REFLECTIONS ON STUDYING IN YEMEN by Mike Makara


On September 17, 2008, Yemen appeared in the news for yet another bombing on a U.S. embassy, and I fear that this latest attack may solidify what many Americans have come to assume about this small country at the bottom of the Arabian Peninsula. News highlights about al-Qaida’s attack on the USS Cole, as well as about similar incidents against Western interests in the country over the past decade, provide the sole information on Yemen most Americans receive. Correspondingly, many people I spoke with before my trip there this sum- mer conflated Yemen with Iraq, warning me to take care of myself amid the daily violence that they believed I would surely encounter. It often seems as though many Westerners believe that they have the Middle East figured out. Many Americans stereotype Middle Easterners as anti-Western, religiously fanatical, and close- minded, and they assume that these “traits” vary little across countries, populations, and cultures.

Yet the nearly three months I spent in Yemen studying Arabic told a rather different story. I was warned that I would not be welcomed in a Middle Eastern country, yet the vast majority of people whom I met were eager to befriend myself and the other Western students. But even if they warmly greeted me and appeared to be friendly, they would still disparage the way I lived at home, right? How surprised my friends were to hear that many people I met loved American television programs (Friends and The Moment of Truth seemed to be favorites) and that the local Pizza Hut and KFC are just as popular in the heart of Sana’a as they are at home in the United States! No one I met viewed the United States as monolithic or blurred the distinction between the American government and its population, and the informed understandings of international politics among the people I met would put many Americans to shame.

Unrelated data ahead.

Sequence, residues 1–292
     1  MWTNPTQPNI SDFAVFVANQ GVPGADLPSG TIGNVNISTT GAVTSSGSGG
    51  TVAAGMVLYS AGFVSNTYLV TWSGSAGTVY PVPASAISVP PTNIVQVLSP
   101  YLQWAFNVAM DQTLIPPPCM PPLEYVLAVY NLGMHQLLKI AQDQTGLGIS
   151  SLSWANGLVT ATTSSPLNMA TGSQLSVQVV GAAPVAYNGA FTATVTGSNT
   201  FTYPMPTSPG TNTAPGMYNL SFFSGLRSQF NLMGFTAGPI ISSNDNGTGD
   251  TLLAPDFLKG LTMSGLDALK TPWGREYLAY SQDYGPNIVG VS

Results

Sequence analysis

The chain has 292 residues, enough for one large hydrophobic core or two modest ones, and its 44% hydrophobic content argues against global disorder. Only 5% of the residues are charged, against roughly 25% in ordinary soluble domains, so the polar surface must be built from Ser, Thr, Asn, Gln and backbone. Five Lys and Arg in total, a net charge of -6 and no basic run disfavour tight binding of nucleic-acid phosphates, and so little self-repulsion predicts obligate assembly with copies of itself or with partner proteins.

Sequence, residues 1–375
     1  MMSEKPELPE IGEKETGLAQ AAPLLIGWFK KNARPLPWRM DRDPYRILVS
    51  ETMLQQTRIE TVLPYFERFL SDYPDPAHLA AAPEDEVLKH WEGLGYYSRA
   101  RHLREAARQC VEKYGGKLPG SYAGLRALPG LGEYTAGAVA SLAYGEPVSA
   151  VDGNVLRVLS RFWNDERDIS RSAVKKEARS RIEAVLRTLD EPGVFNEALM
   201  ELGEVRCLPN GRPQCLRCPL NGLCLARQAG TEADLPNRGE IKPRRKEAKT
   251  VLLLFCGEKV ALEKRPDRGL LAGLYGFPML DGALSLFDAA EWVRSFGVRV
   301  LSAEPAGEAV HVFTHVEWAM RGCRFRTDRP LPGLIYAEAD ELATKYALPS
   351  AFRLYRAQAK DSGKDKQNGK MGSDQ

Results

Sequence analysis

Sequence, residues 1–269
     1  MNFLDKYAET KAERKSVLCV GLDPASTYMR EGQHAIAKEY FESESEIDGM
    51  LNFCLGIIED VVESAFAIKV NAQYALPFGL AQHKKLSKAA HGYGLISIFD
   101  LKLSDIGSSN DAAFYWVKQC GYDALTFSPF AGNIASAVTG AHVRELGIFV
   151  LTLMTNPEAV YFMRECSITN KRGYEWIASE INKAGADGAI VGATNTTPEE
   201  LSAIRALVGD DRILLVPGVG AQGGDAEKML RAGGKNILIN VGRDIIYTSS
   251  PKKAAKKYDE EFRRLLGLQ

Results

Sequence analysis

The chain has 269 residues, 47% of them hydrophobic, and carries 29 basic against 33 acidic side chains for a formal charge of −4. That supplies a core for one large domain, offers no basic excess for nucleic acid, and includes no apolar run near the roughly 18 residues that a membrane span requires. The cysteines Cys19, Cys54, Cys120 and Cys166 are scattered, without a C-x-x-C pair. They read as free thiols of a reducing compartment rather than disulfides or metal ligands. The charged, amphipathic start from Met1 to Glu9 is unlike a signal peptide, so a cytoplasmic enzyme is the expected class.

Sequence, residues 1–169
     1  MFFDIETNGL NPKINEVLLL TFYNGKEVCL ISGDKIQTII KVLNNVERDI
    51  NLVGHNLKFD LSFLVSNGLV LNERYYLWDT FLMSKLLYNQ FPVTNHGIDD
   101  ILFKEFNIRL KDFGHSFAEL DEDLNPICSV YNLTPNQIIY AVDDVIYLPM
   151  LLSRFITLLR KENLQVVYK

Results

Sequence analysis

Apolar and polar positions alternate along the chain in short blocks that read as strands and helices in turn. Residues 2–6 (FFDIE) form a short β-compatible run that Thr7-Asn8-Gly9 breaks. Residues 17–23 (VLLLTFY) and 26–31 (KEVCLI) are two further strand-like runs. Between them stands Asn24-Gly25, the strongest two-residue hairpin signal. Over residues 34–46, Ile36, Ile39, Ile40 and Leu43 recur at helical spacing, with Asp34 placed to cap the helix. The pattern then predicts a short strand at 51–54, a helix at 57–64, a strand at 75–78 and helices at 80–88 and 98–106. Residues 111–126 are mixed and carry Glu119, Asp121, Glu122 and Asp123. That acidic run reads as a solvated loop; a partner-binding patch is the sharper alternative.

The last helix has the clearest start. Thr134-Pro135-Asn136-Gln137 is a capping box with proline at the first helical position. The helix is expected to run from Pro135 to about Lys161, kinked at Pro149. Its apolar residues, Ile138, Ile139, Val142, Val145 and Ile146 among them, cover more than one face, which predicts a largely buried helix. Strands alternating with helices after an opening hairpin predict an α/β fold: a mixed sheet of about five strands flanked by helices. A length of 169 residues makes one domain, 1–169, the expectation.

Just as I do not imply that my overwhelmingly positive interactions with Yemenis this summer can be neces- sarily generalized to the entire population of the country, I also do not mean to downplay the very real and se- rious problems confronting Yemen today. Indeed, extreme poverty and a growing water crisis are only some items on the list of problems facing the country, and their concerns over the security situation are certainly understandable. Pronounced cultural differences exist as well, guaranteeing that no one would ever mistake the streets of Sana’a for New York City. Rather, I simply wish to make good on a promise that I made to a number of my Yemeni friends who asked that I do what I could to challenge stereotypes of the Middle East among my peers at home. Consider this brief article to be a small step in that regard.